While looking toward the future with our comprehensive slate of current content, we'd also like to recognize our rich past by drawing upon our extensive (and mostly free) online archive of work dating back to 1997. In an effort to highlight the best of what's gone before, we'll be bringing you a weekly blast from BP's past, introducing or re-introducing you to some of the most informative and entertaining authors who have passed through our virtual halls. If you have fond recollections of a BP piece that you'd like to nominate for re-exposure to a wider audience, send us your suggestion.
In the wake of Ozzie Guillen's final game at the helm of the White Sox, let's take a look at a snapshot of the skipper in happier, World Series-winning days, which originally ran as a "Playoff Prospectus" article on October 6, 2005.
In the interest of full disclosure, I must preface what I'm about to say with the admission that I do not like the Chicago White Sox.
No, let's try that again. I loathe the White Sox. Despise them. Can't stand them. It's a hatred that was forged in the late '80s and early '90s, when Hawk Harrelson divided the baseball world into good guys and bad guys (and I rooted for the bad guys), when a team named for the color of snow decided to make their dominant color the color of pitch. Everyone needs a rival to hate, and for me that was the team in Chicago that played in a ballpark named after a skinflint, a ballpark they replaced with a new one that was hopelessly outdated barely a year after it opened.
If it was possible to hate them any more than I already did, I hate them even more in the Ozzie Guillen era. They now have a manager even more annoying than their TV announcer, a manager who seems to perpetually be one pointed question away from starting a fistfight in a press conference. During this season, a local sports-radio station started challenging its listeners to identify an audio clip they would run. Listeners would have to determine the voice in the clip: Guillen, or Tony Montana from "Scarface".
Let's put it this way: I can envision an ALCS scenario in which I wind up rooting for the Yankees…and then take a nice, long Clorox shower.
I do not like the White Sox, but I respect them. Guillen might give me hives, but he sure knows how to run a pitching staff.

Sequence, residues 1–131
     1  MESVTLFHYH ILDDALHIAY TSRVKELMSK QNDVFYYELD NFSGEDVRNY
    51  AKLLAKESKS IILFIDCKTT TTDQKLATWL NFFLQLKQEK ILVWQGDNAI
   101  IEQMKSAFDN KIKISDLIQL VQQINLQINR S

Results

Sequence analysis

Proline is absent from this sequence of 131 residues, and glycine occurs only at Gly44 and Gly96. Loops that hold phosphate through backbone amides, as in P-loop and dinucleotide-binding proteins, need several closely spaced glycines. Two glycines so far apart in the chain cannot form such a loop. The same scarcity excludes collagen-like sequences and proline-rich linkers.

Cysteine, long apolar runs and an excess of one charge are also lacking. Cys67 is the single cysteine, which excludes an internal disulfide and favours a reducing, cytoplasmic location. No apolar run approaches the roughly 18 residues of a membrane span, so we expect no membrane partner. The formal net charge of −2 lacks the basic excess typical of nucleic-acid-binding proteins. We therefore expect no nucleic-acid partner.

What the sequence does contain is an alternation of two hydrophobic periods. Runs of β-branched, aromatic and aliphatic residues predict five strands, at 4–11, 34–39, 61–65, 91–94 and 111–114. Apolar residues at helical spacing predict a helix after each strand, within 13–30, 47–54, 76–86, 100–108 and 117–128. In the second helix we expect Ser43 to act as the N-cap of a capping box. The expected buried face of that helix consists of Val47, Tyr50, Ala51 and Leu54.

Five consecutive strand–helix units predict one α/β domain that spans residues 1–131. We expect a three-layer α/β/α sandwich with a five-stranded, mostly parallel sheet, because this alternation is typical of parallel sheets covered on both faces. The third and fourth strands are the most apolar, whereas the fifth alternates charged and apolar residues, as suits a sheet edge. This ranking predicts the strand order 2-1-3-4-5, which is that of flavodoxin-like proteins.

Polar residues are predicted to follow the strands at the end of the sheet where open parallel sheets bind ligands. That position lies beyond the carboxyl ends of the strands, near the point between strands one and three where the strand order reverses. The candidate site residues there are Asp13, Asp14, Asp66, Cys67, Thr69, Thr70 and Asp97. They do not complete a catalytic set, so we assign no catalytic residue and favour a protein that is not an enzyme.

For proof, look no further than yesterday's ALDS Game Two. On the basis of one big inning and one horrible defensive gaffe, the White Sox entered the eighth inning clinging to a 5-4 lead. Guillen had a number of options to choose from as the Red Sox came to the plate. He could stick with
Instead, he used a tactic straight out of a bygone era, an era more associated with Winning Ugly than Moneyball. He didn't bring the game to a screeching halt while shuffling through half a dozen relievers to get the platoon edge three times. He brought in his closer in the eighth inning, and he rode his closer for six outs, two scoreless innings…and one win.
That was admirable enough in itself, although not wholly unprecedented in modern postseason history, thanks to Joe Torre and his intrepid use of
At the end of the 2004 season,
But Guillen is nothing if not fearless, and he had absolutely no fear in making Jenks–with barely two months of major league experience to his name–his closer down the stretch when
One of these years the notion that closers are born and not made will finally be exposed as the silly canard that it is. Bobby Jenks was not born a closer. His ability to nail down a one-run lead in October was not forged by years of experience. He did not bring the White Sox within a game of their first playoff series win in 88 years because he wears a magical "C" on his back.
Bobby Jenks isn't a good closer because he has that special fire in his stomach that allows him to pitch the ninth inning when men of lesser fortitude would fail. He's a good closer because he's a good reliever, and because he has a manager who decided he should pitch the ninth inning. And last night, the eighth.
Even some of the closers who we think of as indelibly linked to the notion of the closer as a unique entity were themselves questioned at one time as to whether they had the requisite moral fiber for the job. You can't name a pitcher who has benefited more from the magical aura surrounding closers than
So give the Ozzeroo his props. Unless you want to, ahem, say hello to his little friend.